School teachers who refuse to work for the occupier become targets of Russian terror. They are intimidated, kidnapped, and abused. For example, primary school teacher Olha Istotska from the village of Lyptsi in Kharkiv region told how people with machine guns came to her, said that they hated and were ready to kill “Ukrainians, Poles, and Belarusians” and forced her to leave. Lidiia Tilna, a 62-year-old school principal from the village of Ivanivka in the Kharkiv Oblast, said that she was kidnapped, starved, threatened with death, and kept in the basement for refusing to work for Russia. Viktoriia Shcherbak, a teacher from Balakliya, said that she and her family got into a torture chamber, where she was forced to cooperate with threats to rape a 16-year-old daughter in front of her.
In total, 200 people could have gone through the torture chamber in Izium, discovered in the police station. “Logs with a list of detainees kept by the Rashists are already discovered, as well as instruments of torture — electric cables, said the Head of the Investigative Department of the National Police in Kharkiv Oblast, Serhii Bolvinov. Moreover, every cell where people were held is investigated — DNA samples and fingerprints are extracted, a database of evidence is collected for the court. In the dark basement cells, people stayed from several weeks to months, not even always understanding what the occupiers wanted them to do.”
The employee of the State Emergency Service Albina Strilets told what happened in the torture chamber in Izium. The occupiers kidnapped her from the unit of the State Emergency Service, along with another colleague, putting a bag over her head and handcuffs right at work. The kidnappers threatened: “Consider that you are lost to everyone, you will not get out.” The woman was captured for the pro-Ukrainian position and forced to “take the side” of Russia, intimidated that the issue of whether to kill her or not was being solved. The woman was held in prison from 3 to 19 August, and then taken from the occupied territory to a Ukrainian checkpoint, which was then also shelled. According to Albina Strilets, she heard the Russian military organizing mass rapes, beatings and using electric shocks in the torture chamber.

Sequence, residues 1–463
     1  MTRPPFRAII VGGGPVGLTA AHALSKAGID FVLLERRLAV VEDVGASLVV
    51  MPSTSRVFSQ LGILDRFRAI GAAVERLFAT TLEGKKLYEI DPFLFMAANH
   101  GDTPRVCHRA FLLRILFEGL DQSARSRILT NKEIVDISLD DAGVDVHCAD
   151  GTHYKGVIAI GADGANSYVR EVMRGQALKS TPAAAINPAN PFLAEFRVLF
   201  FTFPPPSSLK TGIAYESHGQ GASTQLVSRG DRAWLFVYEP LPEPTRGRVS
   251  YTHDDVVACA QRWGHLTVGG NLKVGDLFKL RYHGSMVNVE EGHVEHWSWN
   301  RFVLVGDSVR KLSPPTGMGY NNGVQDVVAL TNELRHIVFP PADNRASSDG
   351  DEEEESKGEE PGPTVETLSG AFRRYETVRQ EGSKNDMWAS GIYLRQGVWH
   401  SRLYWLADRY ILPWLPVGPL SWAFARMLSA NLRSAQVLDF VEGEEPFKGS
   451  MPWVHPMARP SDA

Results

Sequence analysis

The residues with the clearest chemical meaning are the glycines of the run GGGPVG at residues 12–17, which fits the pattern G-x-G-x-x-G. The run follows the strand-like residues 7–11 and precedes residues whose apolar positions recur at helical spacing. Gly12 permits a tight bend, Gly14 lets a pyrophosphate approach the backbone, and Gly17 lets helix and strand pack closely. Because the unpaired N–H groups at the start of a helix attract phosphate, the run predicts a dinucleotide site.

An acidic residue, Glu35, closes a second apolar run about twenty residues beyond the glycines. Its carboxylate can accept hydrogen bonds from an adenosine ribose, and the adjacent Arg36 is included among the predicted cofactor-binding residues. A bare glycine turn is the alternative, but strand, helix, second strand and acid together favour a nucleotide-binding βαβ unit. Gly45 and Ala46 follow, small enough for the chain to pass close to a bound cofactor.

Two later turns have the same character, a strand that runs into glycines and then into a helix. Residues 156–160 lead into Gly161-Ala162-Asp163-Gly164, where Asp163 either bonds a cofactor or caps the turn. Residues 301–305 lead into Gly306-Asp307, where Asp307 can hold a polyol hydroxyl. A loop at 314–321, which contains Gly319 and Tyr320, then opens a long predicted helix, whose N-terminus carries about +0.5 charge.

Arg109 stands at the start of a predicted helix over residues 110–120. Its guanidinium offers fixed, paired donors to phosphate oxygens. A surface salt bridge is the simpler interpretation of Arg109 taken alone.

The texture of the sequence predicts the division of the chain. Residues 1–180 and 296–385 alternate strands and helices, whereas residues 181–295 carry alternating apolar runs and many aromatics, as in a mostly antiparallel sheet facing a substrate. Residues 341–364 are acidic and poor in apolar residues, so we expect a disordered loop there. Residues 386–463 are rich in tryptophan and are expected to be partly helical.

The resident of Izium told that her son, who was walking with his wife to the market, was beaten by the occupiers right on the street, her daughter-in-law was raped for a long time, and then forced to bring her rapists to her home. The other son was also taken right out of the house and beaten.
According to eyewitness accounts, Russian soldiers are often drunk or under the influence of other stimulants. In the village of Mala Rohan in Kharkiv Oblast, according to fellow villagers, civilians were shot dead. In particular, Valerii Kot, who came out of the cellar to see if the windows were intact. Another person was killed right in the flat for not opening the door. According to the residents of the village, the occupiers broke into the house where a family lived, and shooting with a machine gun, “took the girl” to the second floor.
In the deoccupied Lyptsi in Kharkiv oblast, they found a torture chamber housing the so-called “LPR people’s militia.” According to the Security Service of Ukraine, the ruscists used cruel torture against prisoners, followed by forcible deportation to the Russian territory. Deputy head of Derhachi Prosecutor’s Office Anton Yevtushenko reported that before the full-scale invasion, about 4.5 thousand people lived in this village. After the occupation, about half of the residents were deported to Russia. “It is currently impossible to identify all the people affected by the Russian occupation forces, as part of the population was taken to the Russian Federation by the occupation troops. I believe that 80% of citizens were taken away by force or under pressure from the Russian military,” Yevtushenko says.
Volunteer Tata Kepler testified that Russians use information terror against the local population, convincing people that Ukraine now considers them traitors: “The rhetoric was the same as in Mariupol: Kyiv has fallen, you are traitors to Ukraine, if the Armed Forces of Ukraine come here, you will all be killed.”
After the village of Zaliznychne, Chkalovska amalgamated community of Chuhuiv district was deoccupied, four village residents were found killed.
Serhii Bolvinov shared some details: “The war crimes of Russia’s army is shooting civilians in the head and in the back. In Zaliznychne (next to Chuhuiv) there have already been four statements from locals about shootings they witnessed. Serhii, 61. Shot in the back in his home. His neighbours buried the body in the garden. Ilham, 58, and Kostiantyn. Buried in Ilham’s yard, bullet wounds to the head were found during the examination. Volodymyr, 47. The body had been lying on the factory tower opposite the station since February 26. According to the locals, he was shot with a machine gun.”